Connected Vehicle Applications
Road Weather Connected Vehicle Applications

Research Overview

Road Weather connected vehicle applications are the next generation of applications and services that assess, forecast, and address the impacts that weather has on roads, vehicles, and travelers.  The applications and services are intended to capitalize on the previous Clarus Initiative research that has delivered a network of road weather information by integrating existing data sources.  Through additional research, technology development, and community outreach, connected vehicle Road Weather Applications research will develop greater specificity regarding the impact that weather has on roadways and promote strategies and tools that mitigate those impacts.  Such strategies will build upon decision support tools currently undergoing development, testing, and deployment (such as those developed under the Road Weather Management Program, e.g., the Clarus Regional Demonstrations and the Maintenance Decision Support System (MDSS)). 

In close coordination with and cutting across the efforts under the other connected vehicle research programs, the vision for the Road Weather applications research is to broaden the foundation of road weather data to include mobile sources and to focus the analysis on improving the ability to detect and forecast road weather and pavement conditions by specific roadway links.Road Weather photo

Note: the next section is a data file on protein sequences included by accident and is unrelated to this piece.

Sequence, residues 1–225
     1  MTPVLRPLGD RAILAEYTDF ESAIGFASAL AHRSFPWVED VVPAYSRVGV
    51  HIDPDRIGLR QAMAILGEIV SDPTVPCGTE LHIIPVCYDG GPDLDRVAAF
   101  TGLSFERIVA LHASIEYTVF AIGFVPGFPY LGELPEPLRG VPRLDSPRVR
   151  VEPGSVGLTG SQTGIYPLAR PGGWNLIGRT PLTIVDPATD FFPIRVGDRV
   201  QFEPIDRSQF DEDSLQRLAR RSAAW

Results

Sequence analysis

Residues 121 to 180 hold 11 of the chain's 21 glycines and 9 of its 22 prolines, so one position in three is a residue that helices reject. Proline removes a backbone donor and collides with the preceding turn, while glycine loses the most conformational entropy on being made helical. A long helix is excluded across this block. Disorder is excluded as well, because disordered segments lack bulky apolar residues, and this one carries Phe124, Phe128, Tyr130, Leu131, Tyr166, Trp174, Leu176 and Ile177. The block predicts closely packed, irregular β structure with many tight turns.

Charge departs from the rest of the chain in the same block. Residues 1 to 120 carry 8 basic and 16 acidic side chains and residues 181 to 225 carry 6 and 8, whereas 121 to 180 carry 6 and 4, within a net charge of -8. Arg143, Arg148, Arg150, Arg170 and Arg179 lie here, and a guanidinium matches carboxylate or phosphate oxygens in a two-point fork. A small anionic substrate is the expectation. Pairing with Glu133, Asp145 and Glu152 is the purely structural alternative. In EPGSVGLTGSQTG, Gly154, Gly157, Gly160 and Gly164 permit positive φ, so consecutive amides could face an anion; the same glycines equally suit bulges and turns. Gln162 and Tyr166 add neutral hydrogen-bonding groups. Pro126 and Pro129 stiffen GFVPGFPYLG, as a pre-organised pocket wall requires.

Research Goals

  • Identify the range of sources for collecting robust data that will support road condition and pavement forecasting, specifically focusing on the incorporation of mobile data information and data from public sector mobile sources such as fleets.
  • Develop algorithms and capabilities to translate mobile data into usable weather and road condition observations.
  • Incorporate these observations into effective management systems and weather-responsive traffic management and advanced decision support tools. 

Research Questions

  • What vehicle-based or infrastructure-based data is available?  What is the data quality and validity and where are the gaps?
  • How can vehicle-based and mobile source data be processed and integrated with existing weather and road weather data to support forecasting of road and pavement conditions?
  • What are the most effective ways to convey road weather information to affect driver and operator behavior, and to incorporate it into broad safety and mobility applications?
  • What public sector applications are needed and what are their benefits?

Research Approach
The Road Weather connected vehicle applications program seeks to:

  • Improve safety by reducing crash risk due to inclement weather, increase awareness among agencies and users of the real-time conditions, and restore safer driving conditions quicker and more efficiently.